• The work of the Subcommittee on Environmental Exposures gave rise to a "Breast Cancer Clusters" workshop in December 1998 and the "Workshop on Breast Cancer and the Environment" in June 2003. The goal of these workshops was to define, examine, and address approaches to investigating the link between the environment and breast cancer in high rate areas. Recommendations for research can be found in the final report from the 2003 workshop (PDF, 336 KB) (archive).
  • The Subcommittee on Women and Tobacco is implementing a three-phase strategy to reduce tobacco use among LSES women of childbearing age. Phase 1 involved implementing the Public Health Service Guideline in ten Health Resources and Services Agency (HRSA) primary care associations, and nine Indian Health Service (IHS) funded clinics. Phase 2 developed an Implementation Process Model to assist with creating tobacco cessation programs at the clinical level. Phase 3 (ongoing) provided funding to implement and evaluate a comprehensive and sustainable tobacco cessation and prevention program that results in increased quit attempts, abstinence, and/or cessation for LSES women of childbearing age. It is based on both the Public Health Service Guideline and the Implementation Process Model. Contact Susan Sanders at susan.sanders@hhs.gov for a copy of the Implementation Process Model.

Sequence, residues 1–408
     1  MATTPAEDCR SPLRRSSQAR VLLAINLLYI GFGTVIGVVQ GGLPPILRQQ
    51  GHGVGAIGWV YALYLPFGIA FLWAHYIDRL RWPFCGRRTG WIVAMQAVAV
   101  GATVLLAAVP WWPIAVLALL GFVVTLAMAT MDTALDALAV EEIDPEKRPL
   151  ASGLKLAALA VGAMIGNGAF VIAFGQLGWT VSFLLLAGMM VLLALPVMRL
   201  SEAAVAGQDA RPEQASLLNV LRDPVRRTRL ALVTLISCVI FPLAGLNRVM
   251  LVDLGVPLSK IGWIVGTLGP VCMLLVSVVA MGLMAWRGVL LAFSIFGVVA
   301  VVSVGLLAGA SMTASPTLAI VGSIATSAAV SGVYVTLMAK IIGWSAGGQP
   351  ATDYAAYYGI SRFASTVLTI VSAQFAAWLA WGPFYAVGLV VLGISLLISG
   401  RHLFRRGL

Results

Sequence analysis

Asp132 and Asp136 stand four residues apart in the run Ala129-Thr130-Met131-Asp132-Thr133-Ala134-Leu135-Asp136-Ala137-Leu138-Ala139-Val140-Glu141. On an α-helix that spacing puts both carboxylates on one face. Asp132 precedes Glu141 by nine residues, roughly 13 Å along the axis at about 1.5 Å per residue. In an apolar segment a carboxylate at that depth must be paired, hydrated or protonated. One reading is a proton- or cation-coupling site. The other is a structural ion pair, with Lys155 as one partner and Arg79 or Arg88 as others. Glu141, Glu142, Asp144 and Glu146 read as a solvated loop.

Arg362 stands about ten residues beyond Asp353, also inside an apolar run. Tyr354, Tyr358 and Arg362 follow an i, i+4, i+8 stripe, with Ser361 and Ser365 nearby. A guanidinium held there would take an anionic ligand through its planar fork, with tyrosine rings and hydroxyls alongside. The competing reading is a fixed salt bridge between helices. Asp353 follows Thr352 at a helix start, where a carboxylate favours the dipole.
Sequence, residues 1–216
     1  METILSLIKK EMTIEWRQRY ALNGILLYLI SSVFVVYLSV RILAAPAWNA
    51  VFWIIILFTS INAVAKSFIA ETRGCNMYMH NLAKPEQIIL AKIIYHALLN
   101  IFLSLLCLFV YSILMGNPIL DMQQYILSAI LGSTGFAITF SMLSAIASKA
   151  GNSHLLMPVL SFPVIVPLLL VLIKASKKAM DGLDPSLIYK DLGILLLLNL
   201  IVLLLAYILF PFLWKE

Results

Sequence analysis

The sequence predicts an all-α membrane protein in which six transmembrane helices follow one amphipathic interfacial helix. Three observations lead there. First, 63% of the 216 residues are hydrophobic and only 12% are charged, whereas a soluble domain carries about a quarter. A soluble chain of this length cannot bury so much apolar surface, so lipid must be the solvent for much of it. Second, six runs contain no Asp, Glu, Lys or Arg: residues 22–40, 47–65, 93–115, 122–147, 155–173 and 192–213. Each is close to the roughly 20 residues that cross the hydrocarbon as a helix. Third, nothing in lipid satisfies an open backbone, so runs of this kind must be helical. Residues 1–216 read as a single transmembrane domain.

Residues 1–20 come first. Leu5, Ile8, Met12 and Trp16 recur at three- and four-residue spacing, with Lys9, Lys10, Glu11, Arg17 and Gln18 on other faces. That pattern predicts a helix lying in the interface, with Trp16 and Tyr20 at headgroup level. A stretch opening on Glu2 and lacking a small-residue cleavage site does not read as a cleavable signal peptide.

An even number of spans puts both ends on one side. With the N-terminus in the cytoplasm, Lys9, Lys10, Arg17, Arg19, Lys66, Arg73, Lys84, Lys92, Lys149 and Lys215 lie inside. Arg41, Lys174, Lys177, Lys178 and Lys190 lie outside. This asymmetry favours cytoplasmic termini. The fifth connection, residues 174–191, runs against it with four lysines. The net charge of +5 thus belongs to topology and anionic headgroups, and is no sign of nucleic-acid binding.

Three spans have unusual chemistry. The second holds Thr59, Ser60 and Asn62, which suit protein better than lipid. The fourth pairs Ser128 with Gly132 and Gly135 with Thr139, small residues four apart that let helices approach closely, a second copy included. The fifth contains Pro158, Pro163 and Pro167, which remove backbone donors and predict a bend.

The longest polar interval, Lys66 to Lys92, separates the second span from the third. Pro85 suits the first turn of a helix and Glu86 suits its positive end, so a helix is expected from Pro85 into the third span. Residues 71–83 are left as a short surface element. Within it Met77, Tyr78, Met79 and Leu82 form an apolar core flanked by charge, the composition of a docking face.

The Federal Interagency Working Group on Women's Health and the Environment is chaired by Suzanne G. Haynes.

Content last updated: June 01, 2006.